Ignorance is bliss, but knowledge is power

By Mykkah Herner, MA, CCP, Compensation Consultant at PayScale.com

Think ignorance is bliss?

You’ve heard some rumbling here and there, but no one has come out and said anything. That means you don’t have a compensation issue. Right? Well, maybe, but do you really want to chance losing your top performers? We’ve heard this from a number of potential clients: “We don’t have any major problems, so comp strategy is not a priority. We think we may have issues with pay, but not knowing for sure makes us feel better. Ignorance is bliss.” This “do nothing” objection may work out alright for the short term, but in the long term you run a real risk of losing your top performers, having pay inequity issues, and generally being a poor steward of one of the largest resource expenses in your organization - employee compensation.

Stellar performers will stay if you pay them right

Organizations are increasingly paying for performance, moving away from the old cost of living adjustment strategies that reward tenure most of all. A client of mine calls the old way of doing increases the “mirror-test rule” – you put a mirror in front of the employee and if they’re breathing, you give them an increase. The mirror-test strategy of compensation does not encourage stellar performers to stay. Why would they when they see people who are exerting far less effort receive the same increases as them?

A lot of times your top performers are not the squeaky wheels that get greased. They tend to be focused workers who are getting the job done without spending a lot of time asking for more. They are also highly sought after employees. Wouldn’t you rather keep them than lose them to your competitors?

In order to retain your top performers, you need a solid comp plan that rewards top performance. You also need to know what your competitors (also known as “the market”) are doing, so that you can remain a player in a competitive market.

Pay inequity can cause nightmares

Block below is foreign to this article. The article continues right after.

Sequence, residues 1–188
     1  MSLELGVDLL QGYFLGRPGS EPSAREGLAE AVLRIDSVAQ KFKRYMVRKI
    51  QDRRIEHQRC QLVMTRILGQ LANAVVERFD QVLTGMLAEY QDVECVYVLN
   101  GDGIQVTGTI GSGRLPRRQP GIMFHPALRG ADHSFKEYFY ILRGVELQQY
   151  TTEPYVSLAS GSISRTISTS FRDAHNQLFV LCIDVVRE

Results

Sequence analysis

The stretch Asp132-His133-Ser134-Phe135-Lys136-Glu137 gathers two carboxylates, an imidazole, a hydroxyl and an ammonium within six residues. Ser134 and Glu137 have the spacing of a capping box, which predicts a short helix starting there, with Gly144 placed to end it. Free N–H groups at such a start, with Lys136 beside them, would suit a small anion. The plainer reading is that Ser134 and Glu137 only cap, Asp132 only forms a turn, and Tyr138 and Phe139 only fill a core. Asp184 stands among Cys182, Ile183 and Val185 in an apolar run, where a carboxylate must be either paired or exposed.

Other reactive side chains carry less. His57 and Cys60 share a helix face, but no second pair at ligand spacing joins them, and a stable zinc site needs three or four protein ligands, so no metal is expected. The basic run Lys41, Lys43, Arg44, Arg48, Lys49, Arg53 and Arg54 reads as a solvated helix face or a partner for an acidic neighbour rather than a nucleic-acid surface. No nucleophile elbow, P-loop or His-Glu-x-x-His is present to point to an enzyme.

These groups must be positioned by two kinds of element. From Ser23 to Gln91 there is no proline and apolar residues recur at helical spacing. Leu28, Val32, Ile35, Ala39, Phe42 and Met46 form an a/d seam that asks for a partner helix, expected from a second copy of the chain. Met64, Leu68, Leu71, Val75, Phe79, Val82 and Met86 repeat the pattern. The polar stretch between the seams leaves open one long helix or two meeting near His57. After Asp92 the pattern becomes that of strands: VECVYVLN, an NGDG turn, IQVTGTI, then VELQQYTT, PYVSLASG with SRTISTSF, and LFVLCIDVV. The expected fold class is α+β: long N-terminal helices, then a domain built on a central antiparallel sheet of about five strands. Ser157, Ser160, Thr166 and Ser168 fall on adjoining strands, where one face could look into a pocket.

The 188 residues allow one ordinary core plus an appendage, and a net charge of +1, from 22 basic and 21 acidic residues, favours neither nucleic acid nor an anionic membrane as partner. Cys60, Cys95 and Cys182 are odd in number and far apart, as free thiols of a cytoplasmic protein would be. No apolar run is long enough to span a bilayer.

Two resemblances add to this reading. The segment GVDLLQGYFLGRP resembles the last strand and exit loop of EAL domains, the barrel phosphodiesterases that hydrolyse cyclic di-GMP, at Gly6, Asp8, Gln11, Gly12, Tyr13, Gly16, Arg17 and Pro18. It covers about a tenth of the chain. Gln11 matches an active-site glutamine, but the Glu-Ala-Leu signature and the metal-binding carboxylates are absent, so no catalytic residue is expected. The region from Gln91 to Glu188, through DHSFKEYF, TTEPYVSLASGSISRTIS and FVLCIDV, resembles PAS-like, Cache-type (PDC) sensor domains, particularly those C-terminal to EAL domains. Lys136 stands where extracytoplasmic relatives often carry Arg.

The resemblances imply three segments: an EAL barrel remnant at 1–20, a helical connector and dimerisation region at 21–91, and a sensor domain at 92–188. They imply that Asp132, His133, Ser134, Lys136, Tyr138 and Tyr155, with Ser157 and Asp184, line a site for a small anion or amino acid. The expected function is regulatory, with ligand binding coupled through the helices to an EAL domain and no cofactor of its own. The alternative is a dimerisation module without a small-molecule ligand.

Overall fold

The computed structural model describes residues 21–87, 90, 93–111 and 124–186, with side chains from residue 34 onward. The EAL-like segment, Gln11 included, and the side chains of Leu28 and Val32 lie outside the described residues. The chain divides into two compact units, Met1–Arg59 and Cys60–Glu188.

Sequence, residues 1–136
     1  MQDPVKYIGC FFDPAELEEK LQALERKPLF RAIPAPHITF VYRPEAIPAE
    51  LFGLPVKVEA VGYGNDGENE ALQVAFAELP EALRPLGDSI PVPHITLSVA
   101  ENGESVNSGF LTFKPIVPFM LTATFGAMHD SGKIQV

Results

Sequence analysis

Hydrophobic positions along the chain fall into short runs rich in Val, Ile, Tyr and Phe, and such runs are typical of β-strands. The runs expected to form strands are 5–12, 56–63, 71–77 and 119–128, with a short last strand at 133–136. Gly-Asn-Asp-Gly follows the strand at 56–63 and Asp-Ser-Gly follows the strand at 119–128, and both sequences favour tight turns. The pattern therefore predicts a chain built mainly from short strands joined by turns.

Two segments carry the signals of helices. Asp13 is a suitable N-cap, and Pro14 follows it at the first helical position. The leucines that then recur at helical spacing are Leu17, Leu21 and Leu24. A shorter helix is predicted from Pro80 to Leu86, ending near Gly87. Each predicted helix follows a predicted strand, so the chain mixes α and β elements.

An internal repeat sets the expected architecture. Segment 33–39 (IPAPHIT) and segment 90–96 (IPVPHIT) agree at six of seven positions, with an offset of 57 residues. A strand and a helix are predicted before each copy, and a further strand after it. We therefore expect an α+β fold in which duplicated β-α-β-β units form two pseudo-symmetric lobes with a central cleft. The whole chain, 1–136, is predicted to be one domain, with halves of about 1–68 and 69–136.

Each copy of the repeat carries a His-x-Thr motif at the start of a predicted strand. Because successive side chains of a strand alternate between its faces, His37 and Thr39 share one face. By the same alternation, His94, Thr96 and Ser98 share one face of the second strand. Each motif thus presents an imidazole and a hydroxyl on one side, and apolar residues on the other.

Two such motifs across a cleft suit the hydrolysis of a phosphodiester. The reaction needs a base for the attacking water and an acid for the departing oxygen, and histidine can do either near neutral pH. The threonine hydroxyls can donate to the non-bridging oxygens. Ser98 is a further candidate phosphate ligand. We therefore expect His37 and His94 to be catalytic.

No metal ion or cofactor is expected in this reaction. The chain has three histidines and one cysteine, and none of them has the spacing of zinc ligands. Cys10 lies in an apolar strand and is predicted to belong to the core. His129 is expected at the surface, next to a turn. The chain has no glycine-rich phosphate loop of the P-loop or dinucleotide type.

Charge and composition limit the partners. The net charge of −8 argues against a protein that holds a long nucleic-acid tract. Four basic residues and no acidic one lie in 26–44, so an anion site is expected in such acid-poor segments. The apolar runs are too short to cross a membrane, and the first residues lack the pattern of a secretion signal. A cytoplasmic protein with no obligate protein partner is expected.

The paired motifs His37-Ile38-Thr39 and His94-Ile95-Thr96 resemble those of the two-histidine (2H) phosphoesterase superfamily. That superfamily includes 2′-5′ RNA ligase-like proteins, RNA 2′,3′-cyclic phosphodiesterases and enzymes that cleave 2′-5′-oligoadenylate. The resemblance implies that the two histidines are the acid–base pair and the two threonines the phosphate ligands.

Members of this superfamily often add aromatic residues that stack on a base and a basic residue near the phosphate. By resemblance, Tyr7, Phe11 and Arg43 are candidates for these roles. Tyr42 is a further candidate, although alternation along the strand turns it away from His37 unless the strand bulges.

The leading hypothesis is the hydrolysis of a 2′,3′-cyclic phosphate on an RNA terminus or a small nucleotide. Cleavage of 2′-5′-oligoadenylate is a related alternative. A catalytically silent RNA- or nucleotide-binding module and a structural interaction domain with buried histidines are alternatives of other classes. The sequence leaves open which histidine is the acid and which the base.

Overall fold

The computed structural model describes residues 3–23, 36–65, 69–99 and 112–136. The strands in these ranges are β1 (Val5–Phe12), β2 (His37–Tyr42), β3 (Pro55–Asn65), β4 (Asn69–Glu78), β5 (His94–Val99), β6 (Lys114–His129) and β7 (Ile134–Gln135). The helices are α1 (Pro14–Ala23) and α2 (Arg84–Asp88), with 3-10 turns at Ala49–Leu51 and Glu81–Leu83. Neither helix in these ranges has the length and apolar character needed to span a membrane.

It’s also important to analyze your compensation practices on a regular basis. One client, through the course of our project, realized that they were paying their Junior Office Assistants a broad range, $38K-70K to be exact, to accomplish simple entry-level office tasks like filing and answering phones. The benchmark salary of the job proved to be around $30,000. They were overpaying some of their Junior Office Assistants up to $40,000, while others in the position were appropriately placed in the top of the range.

Pay inequity is not something to be trifled with. In addition to frustrating employees, and increasing turnover, major pay inequities can also open you up to litigation. Pay structures help to ensure that there is pay equity.

Stewarding your comp budget / employee resource

PayScale’s lead economist, Katie Bardaro, has told us that we’re coming out of the “economic downturn.” The PayScale’s Index for Q3, 2012 shows that salaries are back up to pre-recession levels. This is great news for employees but leaves organizations struggling to maintain the bottom line. Employee compensation is often the largest expense in organizations. Given a limited budget, with such high stakes, it is only prudent to make sure that the compensation funds are being spent as strategically as possible. I work with PayScale clients to design compensation strategies and structures that keenly target business goals. The financial return on talent should be as high as it is with other investments. The primary goal we’re working toward is keeping your most valuable resource: your employees!

Every time I get to the end of a project with a client, we talk about their options for implementing the compensation plan. I always give them the option of “do nothing.” For some organizations, doing nothing may be the answer, although that’s fairly rare. In the cases where organizations have decided to do nothing, they’ve thanked me very much for the information. They feel much better about their compensation practices, having clearly audited them. And, ultimately while ignorance is bliss, knowledge is power!


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